I have no way to know if I am the first person created by the convergence of all those ancestral lines to fully reverse the migration 142 years later, living in North Carolina now for nearly 26 years.

Many were crafts men and women before crossing the Rockies to become frontiersmen including carriage makers, tailors, seamstresses and business owners, but once over the Rockies they all became experts at economic development, which became my career.

They mined sufficient gold to create currency, learned to “buy local” even if the goods were inferior because to buy from back east not only robbed local economies of their full value added, but local because it gave local manufacturers the opportunity and resources to improve.

None were wealthy and some could not afford the trip west without needs-based loans from the Perpetual Immigrating Fund (PEF) which they inaugurated in October 1849, just over 24 months after the first arrivals west of the Rockies.

It was capitalized by wealth transfers from donors and tithes paid to the Mormon Church and repaid once recipients made their way west from as far as Europe and other countries before being re-loaned.

Precedent was given to those with needed skills as well as the relatives of donors who paid into the PEF.  In all, more than 30,000 people used the fund to get a hand up over the nearly 40 years it was in existence before it was outlawed by reactionaries in the U.S. Congress.

Repayments were forgiven if they were keeping people in poverty.

Fourteen years ago this Spring, the Mormon Church resurrected the idea but as the Perpetual Education Fund to help members in need who are under 30 years of age and committed to repayment to get training and education that leads to employment or self-employment.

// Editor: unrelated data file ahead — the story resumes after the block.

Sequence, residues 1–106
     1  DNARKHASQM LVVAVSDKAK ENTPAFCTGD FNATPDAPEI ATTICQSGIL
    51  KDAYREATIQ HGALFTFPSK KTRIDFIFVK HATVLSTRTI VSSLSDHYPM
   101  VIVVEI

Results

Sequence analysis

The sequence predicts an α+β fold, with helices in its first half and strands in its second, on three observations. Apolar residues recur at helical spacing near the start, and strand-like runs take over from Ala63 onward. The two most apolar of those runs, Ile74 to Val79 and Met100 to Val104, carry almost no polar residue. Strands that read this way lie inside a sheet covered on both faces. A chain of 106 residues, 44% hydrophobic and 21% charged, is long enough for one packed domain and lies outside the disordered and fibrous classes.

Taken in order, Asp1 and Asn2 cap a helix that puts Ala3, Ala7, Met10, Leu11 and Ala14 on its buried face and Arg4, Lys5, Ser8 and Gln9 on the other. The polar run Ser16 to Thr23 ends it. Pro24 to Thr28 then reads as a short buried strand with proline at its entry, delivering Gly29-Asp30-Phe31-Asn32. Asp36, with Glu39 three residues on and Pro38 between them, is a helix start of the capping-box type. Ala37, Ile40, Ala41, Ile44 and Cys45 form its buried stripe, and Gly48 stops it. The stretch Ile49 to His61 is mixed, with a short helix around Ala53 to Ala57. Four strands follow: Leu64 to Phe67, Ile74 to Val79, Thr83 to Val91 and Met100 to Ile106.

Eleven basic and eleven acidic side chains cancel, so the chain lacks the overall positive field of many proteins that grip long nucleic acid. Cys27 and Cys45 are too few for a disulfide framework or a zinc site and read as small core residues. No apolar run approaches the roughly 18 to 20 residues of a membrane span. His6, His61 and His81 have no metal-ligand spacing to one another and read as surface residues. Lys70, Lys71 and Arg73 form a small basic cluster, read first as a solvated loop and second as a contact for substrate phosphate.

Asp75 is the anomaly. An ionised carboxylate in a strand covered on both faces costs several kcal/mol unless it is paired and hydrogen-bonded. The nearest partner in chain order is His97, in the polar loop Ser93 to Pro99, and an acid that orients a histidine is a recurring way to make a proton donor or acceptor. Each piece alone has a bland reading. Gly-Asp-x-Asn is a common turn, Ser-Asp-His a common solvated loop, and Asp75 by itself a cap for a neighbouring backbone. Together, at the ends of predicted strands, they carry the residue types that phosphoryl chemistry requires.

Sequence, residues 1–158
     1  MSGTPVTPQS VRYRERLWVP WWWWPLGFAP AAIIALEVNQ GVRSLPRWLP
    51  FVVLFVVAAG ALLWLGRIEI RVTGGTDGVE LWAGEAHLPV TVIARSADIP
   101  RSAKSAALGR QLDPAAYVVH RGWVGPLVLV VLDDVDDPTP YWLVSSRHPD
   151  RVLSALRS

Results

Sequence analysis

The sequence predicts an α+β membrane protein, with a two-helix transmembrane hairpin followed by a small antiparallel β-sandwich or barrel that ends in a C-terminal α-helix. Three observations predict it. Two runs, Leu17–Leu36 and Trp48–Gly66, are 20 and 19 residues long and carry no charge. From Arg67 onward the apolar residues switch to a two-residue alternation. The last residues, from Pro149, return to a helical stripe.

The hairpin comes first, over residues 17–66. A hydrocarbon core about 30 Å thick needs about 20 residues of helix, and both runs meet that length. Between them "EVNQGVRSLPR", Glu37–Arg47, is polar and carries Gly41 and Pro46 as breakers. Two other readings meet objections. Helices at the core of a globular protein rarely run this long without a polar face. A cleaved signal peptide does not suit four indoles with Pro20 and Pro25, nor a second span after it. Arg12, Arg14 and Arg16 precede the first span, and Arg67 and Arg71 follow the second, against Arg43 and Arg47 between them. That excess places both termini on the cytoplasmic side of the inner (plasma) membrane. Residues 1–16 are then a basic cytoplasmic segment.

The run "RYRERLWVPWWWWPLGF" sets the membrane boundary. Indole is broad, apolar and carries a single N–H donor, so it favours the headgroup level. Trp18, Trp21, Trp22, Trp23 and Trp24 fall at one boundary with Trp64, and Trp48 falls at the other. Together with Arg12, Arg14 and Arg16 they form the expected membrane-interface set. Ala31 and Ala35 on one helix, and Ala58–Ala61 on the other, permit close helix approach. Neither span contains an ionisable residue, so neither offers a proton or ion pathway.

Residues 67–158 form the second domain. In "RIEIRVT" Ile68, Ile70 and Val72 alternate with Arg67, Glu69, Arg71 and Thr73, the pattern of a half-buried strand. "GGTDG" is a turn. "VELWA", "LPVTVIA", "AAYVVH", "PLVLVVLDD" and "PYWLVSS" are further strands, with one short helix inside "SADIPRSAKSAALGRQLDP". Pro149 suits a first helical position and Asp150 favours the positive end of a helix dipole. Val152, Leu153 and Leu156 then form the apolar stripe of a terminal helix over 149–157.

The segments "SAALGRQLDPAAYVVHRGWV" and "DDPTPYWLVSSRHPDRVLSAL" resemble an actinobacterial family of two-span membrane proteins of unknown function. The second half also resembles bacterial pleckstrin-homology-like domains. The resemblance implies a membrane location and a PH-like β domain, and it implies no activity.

Unfortunately, today many Mormons who pride themselves on not speaking ill about others are, by insinuation nonetheless insensitive to the poor unless they happen to be Mormon. This is especially true of those who have fled diverse cities for exurbs.

Gallup surveys find that a greater proportion of Mormons are conservative than any other U.S. religion, 59% compared to 31% moderate and 8% liberal.

Largely due to the migration from more diverse areas to exurbs, this is also true in places along the 111th Meridian where Mormons fled for religious freedom.

It is even more true of those who are active in the church, with 65% conservative, 29% moderate and 5% liberal.

But the views of those in white flight may have cost more than diversity of thought and discourse.

The 6-in-10 (here and abroad) such as me whose participation has lapsed are half as conservative as those who are active, far more moderate and four times more liberal than active Mormons although many remain positive about the culture in general.

A tiny percentage now trace back to the migration over the Rockies in search of new homelands but unfortunately, it is clear that some of the values and lessons from that period may becoming equally rare.

The white flight of today is different than that which occurred in the late 1950s and 1960s.  Across the country, it seems to have more to do with what some term as racial politics than with poverty or transfers to provide a hand up.

But that is for another essay.